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Gemstones Mid Term Study Guide

by: Caroline Bacevice

Gemstones Mid Term Study Guide 1108

Marketplace > Ohio State University > Earth Sciences > 1108 > Gemstones Mid Term Study Guide
Caroline Bacevice
GPA 3.608
Loren Babcock

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Loren Babcock
Study Guide
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This 11 page Study Guide was uploaded by Caroline Bacevice on Friday March 6, 2015. The Study Guide belongs to 1108 at Ohio State University taught by Loren Babcock in Spring2015. Since its upload, it has received 124 views. For similar materials see Gemstones in Earth Sciences at Ohio State University.

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Date Created: 03/06/15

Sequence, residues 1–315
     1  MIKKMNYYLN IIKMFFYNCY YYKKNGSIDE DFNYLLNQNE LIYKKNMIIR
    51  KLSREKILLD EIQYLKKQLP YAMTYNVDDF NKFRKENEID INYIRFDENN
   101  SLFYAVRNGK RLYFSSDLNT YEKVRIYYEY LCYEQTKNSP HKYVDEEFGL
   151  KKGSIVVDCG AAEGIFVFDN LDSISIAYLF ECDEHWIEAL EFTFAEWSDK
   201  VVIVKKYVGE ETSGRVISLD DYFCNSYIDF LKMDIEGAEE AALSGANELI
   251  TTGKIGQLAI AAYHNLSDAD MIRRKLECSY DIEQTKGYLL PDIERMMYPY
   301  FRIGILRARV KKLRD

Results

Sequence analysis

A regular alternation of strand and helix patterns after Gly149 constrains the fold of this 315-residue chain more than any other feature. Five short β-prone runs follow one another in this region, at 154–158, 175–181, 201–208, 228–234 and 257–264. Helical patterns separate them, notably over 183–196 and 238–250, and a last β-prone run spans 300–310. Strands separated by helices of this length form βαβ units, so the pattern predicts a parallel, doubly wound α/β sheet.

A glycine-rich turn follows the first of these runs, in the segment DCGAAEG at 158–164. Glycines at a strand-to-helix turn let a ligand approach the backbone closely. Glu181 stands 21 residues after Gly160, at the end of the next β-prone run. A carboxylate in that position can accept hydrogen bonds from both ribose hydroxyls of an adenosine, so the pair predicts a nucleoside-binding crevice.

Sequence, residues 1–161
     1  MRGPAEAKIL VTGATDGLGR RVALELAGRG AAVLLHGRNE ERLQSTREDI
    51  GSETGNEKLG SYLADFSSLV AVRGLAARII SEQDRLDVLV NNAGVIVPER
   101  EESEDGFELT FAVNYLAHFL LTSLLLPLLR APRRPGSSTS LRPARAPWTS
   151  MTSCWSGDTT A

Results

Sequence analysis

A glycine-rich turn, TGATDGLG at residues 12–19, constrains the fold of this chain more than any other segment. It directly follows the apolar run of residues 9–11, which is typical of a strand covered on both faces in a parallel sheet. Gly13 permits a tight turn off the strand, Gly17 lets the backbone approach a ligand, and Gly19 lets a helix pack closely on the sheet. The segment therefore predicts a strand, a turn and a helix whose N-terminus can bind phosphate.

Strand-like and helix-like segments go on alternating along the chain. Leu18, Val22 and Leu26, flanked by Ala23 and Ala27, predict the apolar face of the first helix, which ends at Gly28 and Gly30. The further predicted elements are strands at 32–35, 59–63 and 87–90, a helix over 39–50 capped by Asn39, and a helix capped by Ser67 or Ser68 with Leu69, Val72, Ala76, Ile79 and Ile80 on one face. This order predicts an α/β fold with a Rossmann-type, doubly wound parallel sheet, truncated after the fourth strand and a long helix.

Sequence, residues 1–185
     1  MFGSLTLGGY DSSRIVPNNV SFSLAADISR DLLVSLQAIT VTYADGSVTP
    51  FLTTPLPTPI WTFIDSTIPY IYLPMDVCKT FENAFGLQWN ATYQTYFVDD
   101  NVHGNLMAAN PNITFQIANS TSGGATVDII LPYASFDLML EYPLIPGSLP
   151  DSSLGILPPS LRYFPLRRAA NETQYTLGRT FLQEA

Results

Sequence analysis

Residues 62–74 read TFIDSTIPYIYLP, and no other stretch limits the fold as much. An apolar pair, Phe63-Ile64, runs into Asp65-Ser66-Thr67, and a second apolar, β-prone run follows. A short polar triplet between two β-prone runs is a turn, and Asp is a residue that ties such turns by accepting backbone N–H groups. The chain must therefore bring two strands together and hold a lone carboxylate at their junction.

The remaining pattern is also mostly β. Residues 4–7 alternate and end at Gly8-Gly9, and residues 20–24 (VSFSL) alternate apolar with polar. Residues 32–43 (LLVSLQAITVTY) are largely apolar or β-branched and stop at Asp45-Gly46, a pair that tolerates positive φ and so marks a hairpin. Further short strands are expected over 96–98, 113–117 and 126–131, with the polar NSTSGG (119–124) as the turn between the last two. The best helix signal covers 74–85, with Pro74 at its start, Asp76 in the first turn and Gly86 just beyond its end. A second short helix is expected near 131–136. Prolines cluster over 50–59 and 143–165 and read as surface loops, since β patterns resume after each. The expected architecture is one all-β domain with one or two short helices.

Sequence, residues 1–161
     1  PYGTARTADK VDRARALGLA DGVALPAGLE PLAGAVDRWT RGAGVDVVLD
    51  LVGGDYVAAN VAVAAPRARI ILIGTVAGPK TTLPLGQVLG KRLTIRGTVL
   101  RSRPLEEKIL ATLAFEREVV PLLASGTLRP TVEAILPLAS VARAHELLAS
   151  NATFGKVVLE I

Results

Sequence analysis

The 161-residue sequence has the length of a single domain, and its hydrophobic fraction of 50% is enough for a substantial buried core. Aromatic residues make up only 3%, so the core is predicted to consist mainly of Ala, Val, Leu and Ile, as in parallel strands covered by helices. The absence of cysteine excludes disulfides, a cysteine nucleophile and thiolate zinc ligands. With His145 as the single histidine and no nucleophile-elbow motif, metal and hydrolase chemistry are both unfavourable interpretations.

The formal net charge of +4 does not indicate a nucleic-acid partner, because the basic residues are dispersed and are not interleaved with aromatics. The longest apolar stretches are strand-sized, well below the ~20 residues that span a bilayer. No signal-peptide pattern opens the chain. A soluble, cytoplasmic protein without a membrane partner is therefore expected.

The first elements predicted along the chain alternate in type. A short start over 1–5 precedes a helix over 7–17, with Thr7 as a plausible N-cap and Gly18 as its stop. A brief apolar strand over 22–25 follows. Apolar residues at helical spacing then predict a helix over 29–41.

Gemstones Mid Term Study Guide 0 The Key attribute of a gemstone is Beauty 0 May be in color brilliance transparency re luster or a combination Facet names Table top facet often largest Crown top of the stone bezel top Girdle edge between crown and pavilion Pavilion lower part of a stone about 23 of stone Culet small facet at bottom Gems are faced to take advantage of the behavior of light that passes into a gem Re ection Bouncing of light off a facet mirror effect Refraction Bending of light as it passes from one substance into another Air Gem Refraction Index The degree to which light is bent as it passes from air into a gem This is determined by the density difference between air and gem Placement of each facet is determined using a critical angle which is how the placement of each facet is determined 0 Every stone has one or two refractive indexes 0 Diamonds only have 1 Fire Rainbow like ashes of color in gems Calcite is an example of a great rainbow effectfire What causes re 0 Dispersion rainbow effect degree to which light is refracted which is dependent on wavelength 0 Violet light bends more than red light Some gems are unfaceted not cut Example Pearls Luster Appearance of light as it re ects off the surface of the gem o If the surface is rough some light is lost 0 When the surface is polished light is re ected Durability Hardness resistance to scratching Mohs Scale of Hardness Soft Hard 1 Talc 2 Gypsum 3 Calcite 4 Fluorite 5 Apatite 6 Orthoclase 7Qua z 8 Topaz 9 Corundum 10 Diamond Toughness Resistance to chipping and fracturing Stability Resistance to color loss due to heat light or chemicals The Four C s Cut If a stone diamond is cut to ideal proportions brilliance and re are optimized resulting in greater value 0 Color Some colors are more desirables than others Clarity Flaws inclusions cracks usually decrease value 0 Carat Weight 1 carat is 15 of a gram Larger stones tend to be more valuable Gems formed from Igneous Environments Pegmatite igneous Unusual igneous bodies containing large crystals 0 As magma cools water and rare elements become concentrated in the remaining melt because they do not get to incorporate in the early formed materials 0 When the last of the melt nally crystallizes there is enough water left to allow the last formed crystals to grow large in size and the crystals can incorporate rare elements Hydrothermal deposits igneousrelated Deposits of minerals cooled from superheated water water associated with magma bodies or heated groundwater Gems or metals crystallize from solution in cracks or other open spaces in rocks 0 Veins of minerals ll cracks Gems formed in the mantle igneous 0 Some minerals are formed within the Earth and brought to the surface by volcanic activity Gems in sedimentary environments 0 Sediments or rocks formed by deposition of grains or participation of minerals from water Alluvial deposits 0 Formed from deposition and concentration of mineral grains weathered and eroded from preexisting rock Concentrations usually occur partly because of high density in stream beds and on beaches 0 Placer deposits Alluvial deposits of metals Ceylon Gem Gravels sedimentary deposits 0 IN Sri Lanka gems have been collected for hundreds of years from alluvial deposits 0 Gem weather from igneous or metamorphic rock and then become concentrated in alluvial deposits 0 Similar gem gravels occur elsewhere Precipitation of gems in sedimentary deposits 0 Water near the earth s surface dissolves minerals o If the solution coos or water evaporated new minerals precipitate from solution Gems formed in metamorphic environments 0 Rock and its component mineral are changed by heat and pressure 0 Plate tectonics create metamorphic environments having high temperatures andor pressure 0 Subduction zones 0 Contact metamorphic zones next to cooling magma Crystal a solid having a regular internal arrangement of atoms or ions and at faces geometrically arranged outer surfaces What are crystals made of 0 Elements that compose or give color to most of the important gems 0 Construct Minerals silver aluminum oxygen carbon calcium o Coloration Nitrogen Boron Titanium Beryllium Fluorine Chromium Copper Lithium Vanadium What are the major groups of minerals Silicates sirich minerals o Quartz Beryl tourmaline garnet peridot Oxides O is the anion negatively charged ion 0 Corundum alexandrite Carbonates C and O o Calcite aragonite pearls 0 Elements 0 Diamond C gold Au Silver Ag Platinum Pl Crystals are held together through 0 Atomic bonding o Ions form when atoms gain or lose electrons Anion negatively charged ion Cation positively charged ion Ionic bond Electrons are exchanged Relatively weak bond Salt NaCl Covalent bond electrons are shared Strongest bond Quartz Van der Waals bonds weakest bonds 0 Makes minerals soft or easily breakable along cleavage planes 0 Metallic Bond Electrons are free to travel throughout the substance 0 Fives metals their cohesiveness malleability ductility heat conductivity and electrical conductivity Polymorphs Minerals having the same chemical composition but different crystal structures Crystal Symmetry Symmetry Faces on a crystal have a symmetry because of the arrangement of atoms 0 Important for 0 Identifying minerals in uncut form 0 Determining the best way to cu a crystal Crystal Systems 0 Cubic At least four threefold axes of symmetry 0 Diamond or Garnet gold silver platinum Hexagonal threefold or sixfold symmetry 0 Beryl sapphire ruby emerald aquamarine quartz Tetragonal One fourfold axis of symmetry 0 Zircon o Orthorhombic At least three twofold axes of symmetry 0 Topaz o Monoclinic At least one twofold axis of symmetry 0 Orthoclase Feldspar o Triclinic no axis of symmetry 0 Amblygonite Diamond Name From Old French diamant after Greek and Latin adamas meaning invincible or quotunconquerablequot Characteristics of Diamonds 0 Composition Pure Carbon C Hardness 10 Streak White 0 Speci c gravity 352 o Refraction lndex 242 dispersion 0044 Crystals cubic system often octahedrons or cubes Luster Adamanite Formation of Diamonds 0 From near the coremantle boundary 0 Depth 2900 km 1800 miles 0 High pressure conditions 9001300 degrees C 45 to 60 kilobars Diamonds are carried to the surface as inclusions in pipes of volcanic rock and erupted o Kimberlite or lamproite peridotite an ultrama c rock Graphite not diamond is the stable form of Carbon at the Earth s surface 0 Diamond will burn or oxidize on the surface if dropped in a re for a short time 0 Both diamond and graphite are polymorphs of Carbon 0 Diamond atoms are linked in a 3D network 0 Graphite atoms are linked in sheets Ancient times to at least 800 BC all diamonds came from alluvial gravels in India eroded from kimberlite piped in the Golconda area 1725 Diamonds were discovered in alluvial gravels of Brazil Continues to be major source of diamonds today The South African diamond rush 1859 Diamonds discovered in alluvial gravel rivers of South Africa 1867 First authenticated nd 1870 Diamonds discovered in kimberlite pipes quotblue groundquot or quotyellow groundquot if weathered near Kimberly 1871 Diamonds discovered on the de Beers farm resulting in a large mine called the quotBig Holequot There are 5 carats in a gram Until recently Africa accounted for 98 of diamond production 0 Africa now accounts for lt50 Australia lamproite pipe and Russia kimberlite pipe are now large diamond producers Other sources Venezuela China Canada and USA 0 American diamonds Occasionally found in gravels some are in ultrama c pipes De Beers 1870 Cecil Rhodes arrived in Durban South Africa from England 1873 Bought a claim in the de Beers mine at Kimberley South Africa 1880 Rhodes formed the de Beers Mining Co Ltd 1888 Rhodes formed De Beers Consolidated Mines Ltd To control diamond mining and control output 0 Being limiting sales of diamonds to stabilize prices 0 Establish a syndicate of diamond buyers in Kimberley and London 0 Formalized the process of equating the supply to demand 0 Syndicated marketing policy was largely successful until increasing in 1890 Rhodes elected Prime Minister of South Africa died in 1902 1902 Ernest Oppenheimer arrived in Kimberley as a diamond buyer 1917 Oppenheimer set up AngloAmerican Corporation to exploit gold elds in the East Rand South Africa Became Chairman of De Beers 1929 o In the mid 19205 new diamond discoveries in western Africa plus high production costs at Kimberley caused falling prices 0 1929 Great Depression began 0 Diamond market collapsed syndicate had deep nancial problems 0 Oppenheimer formed the Diamond Corporation to help stabilize prices through a single sales channel 0 1933 De Beers could not cover operating expenses closed mines at Kimberley in 1934 0 To counteract these conditions Oppenheimer persuaded producers in all countries that one production and sales channel would cushion the diamond trade against boom and bust cycles 0 De Beers in cooperation with South African government led producers to form the Diamond Producers Association DPA 1957 Oppenheimer died De Beers Production and marketing strategy DPA Formulates policy and sets quota o Comprises De Beers in South Africa and Namibia Diamond Corporation a de Beers subsidiary government of South Africa which owns mines o DPA makes marketing agreements with outside producers through Diamond Corporation 0 Central Selling Organization CSO Group of marketing companies diamond producers cooperatively sell diamonds 0 Diamonds are rst sent to DPA Johannesburg or the Diamond Corporation 0 Sorted into gem and industrial quality stones and then sold through different organizations 0 Rough gem diamonds are sold via the Diamond Purchasing and Trading Company to the Diamond Trading Company 0 Parcels of xed prices are offered to buyers at 10 sales sights per year 0 Rough diamonds then make their way to gem cutters The CSO controls 6080 of the worlds legal trade in diamonds 0 Prices are controlled by stockpiling goods when demand is low forcing prices to remain high and incrementally increasing the price when demand is high De Beers was for a long time been prohibited from directly selling diamonds in the USA by the Sherman Antitrust Act What determines the value of a diamond Cut Faceted to maximize the brilliance and re of a gem o Poorly cut stone has poorly chosen proportions poor brilliance poor re light leakage from pavilion misplaced facets extra facets etc o A Natural an extra face that represents a polished extra face of a crystal Fancy colored stones 0 Large pink diamonds rare and expensive 0 Natural blue diamonds contain boron natural yellow diamonds contain nitrogen Standards 0 International standard 1970 RAL 560 ASE o Gemological Institute of America GIA 0 International Diamond Council IDC Clarity o Clarity decreased by aws or blemishes o Scratches o Inclusions minerals liquids gasses contained in the stone 0 Carat weight 0 1 carat 02 g o 1 carat 100 points Treatment of Diamonds 0 Filling of cracks Cracks that reach the surface are lled with glasslike material 0 ID Optical microscope examination greasy appearance ash effect bubbles Drilling of inclusions by laser Solutions poured into inclusions to bleach them Irradiation Used to change the color 0 ID Irradiation only changes the surface of the stone and produce a concentration of color where the gem is thin Industrial Diamonds 0 Bort Poorly crystallized black gray or brown translucent to opaque Ballas spherical aggregates of many small diamond crystals Carbonado Opaque black or gray tough and compact o Meteorites 0 Synthetic Diamonds Famous Diamonds 0 Cullinan I Star of Africa 0 Cullian II now in English Imperial State Crown KohiNoor Mountain of Light VictoriaTransvaal Diamond Tarzan movie MarieAntoinette s diamond earrings Napoleon Necklace Hope Diamond 0 Now in the Smithsonian Institution Viewed by more than gt6 million visitors annually Probably the most sought out object in any museum in the world 0 Why Now the world s largest diamond 4552 carats Largest cut diamond Golden Jubilee owned by the King of Thailand It s deeply colored doesn t seem like a typical diamond o It is the largest known deep blue diamond Blue color one of the rarest colors of fancy colored diamonds Due to substitutions of Boron for carbon 1 B atom per 1000000 C atoms 0 History gt300 years of mystery and intrigue o Discovered in India 0 1668 JeanBaptiste Tavernier French gem merchant sold a 1105 carat blue diamond from India to King Louis XIV of France Cut in Indian stylenatural crystal faces were polished size emphasized over brilliance o 1673 King Louis XIV had stone recut to heart shape improving brilliance reducing size to 6903 carats o 1749 King Louis XV had the stone now called French Blue set in a piece of ceremonial jewelry Order of the Golden Fleece worn by the Queen 0 1792 French Revolution erupted during the reign of Louis XVI and Queen MarieAntoinette The royal treasury and the Crown Jewels were looted between September 11 and September 17 1792 French Blue disappeared for 20 years 0 By French Law the statue of limitations on wartime crimes was 20 years 0 On September 19 1812 20 years and 2 days after the theft of the French Crown Jewels a London jeweler documented a 455 carat blue diamond in England in the possession of Daniel Eliason a London diamond merchant Memo established Eliason as the new legal owner The diamond was apparently cut from French Blue About 1820 King George IV of England purchased the diamond After George lV s death in 1830 Lord Henry Philip Hope a London banker bought the diamond Hope had the diamond mounted in a medallion Passed through Hope family until 1901 1910 Hope Diamond sold to CH Rosenau then Pierre Cartier Cartier reset the diamond and sold it to Evalyn Walsh McLean for 180000 Cartier told McLean that the diamond brought bad luck to anyone who wore it Apparent origin of the supposed curse it was a sales pitch McLean thought quotbad luckquot objects brought her goodluck McLean added to the legend of the Hope Diamond Wore it frequently allowed others to wear it Pawned it several times to raise money 1949 two years after McLean s death Harry Winston NYjeweler purchased McLean s jewelry collection 0 The diamond traveled in an exhibit 1958 Hope Diamond was removed from its setting culet was recut slightly November 1958 Winston donated the Hope Diamond to the Smithsonian Institution USNM as the foundation for a National Gem Collection Color perceived depends on the light under which an object is viewed Different types of light different color perceptions eg incandescent light vs uorescent light vs ultraviolet light 0 O 0 If atoms in a gem absorb all red light only greenblue light will be transmitted to the eye stone will appear green blue Black all colors absorbed White or colorless No light is absorbed Origin of color can be 0 O 0 Chemical Physical Optical Body color color resulting from internal chemical composition Idiochromatic gems quotSelfColoredquot due to colorcausing elements that are part of the chemical composition 0 Ex Rhodolite garnet Allochromatic gems quotOther cooredquot due to impurities Fe Mn Cu Ni Co Ti V Cr etc 0 Ex Corundum lt1 Cr changes a colorless stone to a ruby Oxidation state also affects color 0 In beryl Fe2 yields blue bery aquamarine Fe3 Yellow beryl heliodor Mn2 Pink Beryl morganite Mn3 Red beryl bixbite o In aochromatic gems the color can be changed if the oxidation state has changed Yellow bery can be heated in a low oxygen environment reducing ferric iron Fe3 to ferrous iron Fe2 and producing blue bery